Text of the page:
by Bernie Noe, head of school
Diversity, Equity, and Inclusion
Lakeside School has been engaged in diversity work for over a half-century, and our mission articulates our commitment to sustain a school in which “individuals representing diverse cultures and experiences instruct one another in the meaning and value of community.” We recognize diversity alone does not lead to inclusion, and we take active steps to create an environment in which the identities and cultural backgrounds of our families, students, and employees are valued and respected.
We believe that diversity is essential to achieving educational and academic excellence, and that students’ learning experiences are enriched by the diversity of the curriculum, student body, and adult community. Lakeside is committed to creating an inclusive and equitable community in which all individuals can participate in and contribute to the life of the school, regardless of race, gender, class, religion, sexual orientation, or any other aspect of their identity. We actively work to gain a deeper understanding of difference and how we honor it in our daily lives at school.
To learn more about our work in any of the areas below, contact Jamie Asaka, director of equity and inclusion/director of student and family support (email@example.com, 206-440-2901) or Debbie Bensadon, assistant director of equity and inclusion (firstname.lastname@example.org, 206-440-2908).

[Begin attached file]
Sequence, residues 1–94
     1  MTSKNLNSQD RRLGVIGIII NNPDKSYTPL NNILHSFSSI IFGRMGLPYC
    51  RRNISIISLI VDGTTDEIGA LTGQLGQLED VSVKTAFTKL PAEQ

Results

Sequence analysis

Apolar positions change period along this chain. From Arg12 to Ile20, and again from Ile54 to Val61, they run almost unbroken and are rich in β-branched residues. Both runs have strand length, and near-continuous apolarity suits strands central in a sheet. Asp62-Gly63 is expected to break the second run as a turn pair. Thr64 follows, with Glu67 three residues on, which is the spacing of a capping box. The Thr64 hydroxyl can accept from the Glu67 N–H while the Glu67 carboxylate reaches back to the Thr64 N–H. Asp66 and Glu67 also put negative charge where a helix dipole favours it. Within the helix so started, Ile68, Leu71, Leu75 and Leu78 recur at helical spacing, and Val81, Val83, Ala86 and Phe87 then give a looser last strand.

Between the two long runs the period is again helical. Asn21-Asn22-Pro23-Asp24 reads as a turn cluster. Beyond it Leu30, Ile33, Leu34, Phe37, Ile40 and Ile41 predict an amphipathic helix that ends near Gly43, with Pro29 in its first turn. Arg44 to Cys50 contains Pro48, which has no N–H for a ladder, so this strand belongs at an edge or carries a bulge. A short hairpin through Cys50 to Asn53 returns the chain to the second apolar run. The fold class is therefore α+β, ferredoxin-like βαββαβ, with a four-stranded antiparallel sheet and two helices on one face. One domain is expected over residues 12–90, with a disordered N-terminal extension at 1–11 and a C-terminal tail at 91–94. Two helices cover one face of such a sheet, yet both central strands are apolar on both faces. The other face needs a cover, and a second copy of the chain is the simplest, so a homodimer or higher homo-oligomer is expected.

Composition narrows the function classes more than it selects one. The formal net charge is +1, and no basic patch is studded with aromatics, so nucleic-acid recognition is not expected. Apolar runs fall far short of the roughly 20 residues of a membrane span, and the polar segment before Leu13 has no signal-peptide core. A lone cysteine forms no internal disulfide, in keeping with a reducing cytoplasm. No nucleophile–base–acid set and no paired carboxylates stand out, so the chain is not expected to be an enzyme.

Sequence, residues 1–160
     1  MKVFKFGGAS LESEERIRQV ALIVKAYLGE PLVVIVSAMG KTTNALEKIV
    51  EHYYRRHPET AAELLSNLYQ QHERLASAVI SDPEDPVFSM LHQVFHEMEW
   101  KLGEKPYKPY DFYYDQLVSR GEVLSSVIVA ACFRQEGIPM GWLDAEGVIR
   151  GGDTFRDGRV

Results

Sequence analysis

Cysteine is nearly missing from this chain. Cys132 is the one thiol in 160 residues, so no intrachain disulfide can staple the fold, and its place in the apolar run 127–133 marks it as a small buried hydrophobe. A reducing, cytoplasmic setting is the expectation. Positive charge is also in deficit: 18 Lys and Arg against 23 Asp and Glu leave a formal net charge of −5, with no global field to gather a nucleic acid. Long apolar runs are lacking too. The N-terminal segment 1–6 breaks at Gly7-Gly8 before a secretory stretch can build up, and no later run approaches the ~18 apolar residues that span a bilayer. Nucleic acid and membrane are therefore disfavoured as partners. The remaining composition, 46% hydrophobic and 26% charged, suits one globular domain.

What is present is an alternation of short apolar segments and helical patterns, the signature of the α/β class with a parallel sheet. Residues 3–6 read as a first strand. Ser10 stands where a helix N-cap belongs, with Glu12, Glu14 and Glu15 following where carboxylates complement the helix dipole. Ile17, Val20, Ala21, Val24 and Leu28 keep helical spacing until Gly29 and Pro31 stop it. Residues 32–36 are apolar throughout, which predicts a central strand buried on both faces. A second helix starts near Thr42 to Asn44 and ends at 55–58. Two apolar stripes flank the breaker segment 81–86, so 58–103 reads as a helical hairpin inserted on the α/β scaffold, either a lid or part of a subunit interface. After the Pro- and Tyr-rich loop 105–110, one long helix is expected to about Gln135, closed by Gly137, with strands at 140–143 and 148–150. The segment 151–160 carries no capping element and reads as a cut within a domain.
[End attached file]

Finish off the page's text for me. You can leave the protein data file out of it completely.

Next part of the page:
by Jamie Asaka, director of equity and inclusion/director of student and family support
by Stephanie Wright, faculty equity programs coordinator/Upper School history teacher and department head
by Winston Yeung P’23 ’25, PGA T.J. Vassar diversity committee co-chair
by Debbie Bensadon, assistant director of equity and inclusion/Upper School languages teacher
by GLOW Leader Mia P. ‘21
by Zinda Foster, Upper School service learning coordinator/ student center and activities director, and Maile Wong, Upper School service learning program assistant/attendance taker
by Roman O. ’22, Lillian L. ’22, and Eric H. ’20
by Chris Hartley, director of athletics
Q&A with Zinda Foster, Upper School service learning coordinator/Upper School student center and activities director
by Eman H. '20, Michelle V. '19, Aidan C. '20, David C. '20, Selah W. '19, and Sherifat S. '21
by Merissa Reed, Middle School history teacher and student equity programs coordinator
- Curriculum and Instruction
- Student Programs
- Physical and Cultural Environment
- Definitions & Terms